City on a Hill

Mexico’s Post-Apocalyptic Metropolis

It's been almost two years since Mexico's secretary of the interior, Diódoro Carrasco, unveiled a $500 million government antidrug effort focused on counternarcotics equipment, increased law enforcement, and a newly created Federal Preventive Police force with 11,000 "thoroughly screened" agents to combat organized crime. Since then, the government has seized over 25 tons of cocaine and close to 1500 tons of marijuana, eradicated a combined total of more than 121,000 acres of marijuana and opium poppy fields, and made, as everyone knows, barely a dent in the trade. "It's a joke," says Marie-Pierre. "It's thejoke. Except that it's not so funny."

The high drama of crop burning and border interdiction works surprisingly well to deflect attention from inner rot, not only that of big-time government hoodlums ("You've got six years to make your money as president," a friend in Mexico says. "You want to cash out with at least 100 million bucks") but also that of barrio crooks on the lookout for someone with enough money for meat. Anyway, these government antics are staged not so much to trump the globaphobes as to secure the business interests of the country's internationalized super-rich.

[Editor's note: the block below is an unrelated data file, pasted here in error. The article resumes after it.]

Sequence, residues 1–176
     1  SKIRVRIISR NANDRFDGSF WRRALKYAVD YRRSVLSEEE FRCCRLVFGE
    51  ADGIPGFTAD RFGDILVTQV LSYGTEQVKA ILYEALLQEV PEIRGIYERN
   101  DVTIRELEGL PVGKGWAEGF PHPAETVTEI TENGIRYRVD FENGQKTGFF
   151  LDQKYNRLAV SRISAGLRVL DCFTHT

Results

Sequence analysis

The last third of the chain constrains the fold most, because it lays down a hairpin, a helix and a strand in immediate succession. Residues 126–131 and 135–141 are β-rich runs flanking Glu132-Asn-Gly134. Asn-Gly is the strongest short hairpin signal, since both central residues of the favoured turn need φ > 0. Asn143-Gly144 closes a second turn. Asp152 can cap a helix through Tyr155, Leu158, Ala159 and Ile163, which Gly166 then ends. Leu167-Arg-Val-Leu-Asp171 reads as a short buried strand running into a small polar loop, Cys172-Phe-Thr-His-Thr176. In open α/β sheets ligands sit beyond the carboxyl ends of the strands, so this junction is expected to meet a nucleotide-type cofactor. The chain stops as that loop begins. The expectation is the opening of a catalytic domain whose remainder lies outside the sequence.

Mexico City: entering “the twenty-first century without yet having solved the problems of the sixteenth.’’
photo: Ann Summa
Mexico City: entering “the twenty-first century without yet having solved the problems of the sixteenth.’’

It may be redundant in Mexico to speak of government corruption. It may be inappropriate—over-obvious, even—for an outsider to note conditions so tenuously stabilized that the center cannot possibly hold. One commonplace of writing about this city is to make metaphor of its seismic reality, although Mexico City has a long history of defying the odds. The fact remains, however, that it sprawls across an active fault, is ringed by two large quiescent and one innocuous-looking but lively volcano, and is built on a prehistoric lake bed. Even under the bright skies of a cool February afternoon, a visitor carries around a subliminal fatalistic understanding that the mountains may someday explode and consume the city, the earth could crack and bring it down, or the whole delirious enterprise might—literally or figuratively—abruptly slump into the mud.

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